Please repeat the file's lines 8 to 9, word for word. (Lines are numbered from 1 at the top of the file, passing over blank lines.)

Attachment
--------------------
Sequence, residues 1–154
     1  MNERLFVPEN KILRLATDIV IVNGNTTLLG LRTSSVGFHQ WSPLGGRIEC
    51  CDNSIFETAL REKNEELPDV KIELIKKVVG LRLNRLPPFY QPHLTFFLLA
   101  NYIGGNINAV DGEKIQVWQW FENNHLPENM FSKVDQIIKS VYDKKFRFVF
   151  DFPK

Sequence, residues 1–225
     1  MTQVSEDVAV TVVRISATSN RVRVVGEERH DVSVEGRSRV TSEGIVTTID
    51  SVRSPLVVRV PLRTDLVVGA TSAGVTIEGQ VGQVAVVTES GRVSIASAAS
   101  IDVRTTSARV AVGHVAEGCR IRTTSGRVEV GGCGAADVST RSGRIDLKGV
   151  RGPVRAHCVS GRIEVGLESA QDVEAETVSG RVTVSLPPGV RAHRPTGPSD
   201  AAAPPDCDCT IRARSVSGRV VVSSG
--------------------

    51  SVRSPLVVRV PLRTDLVVGA TSAGVTIEGQ VGQVAVVTES GRVSIASAAS
   101  IDVRTTSARV AVGHVAEGCR IRTTSGRVEV GGCGAADVST RSGRIDLKGV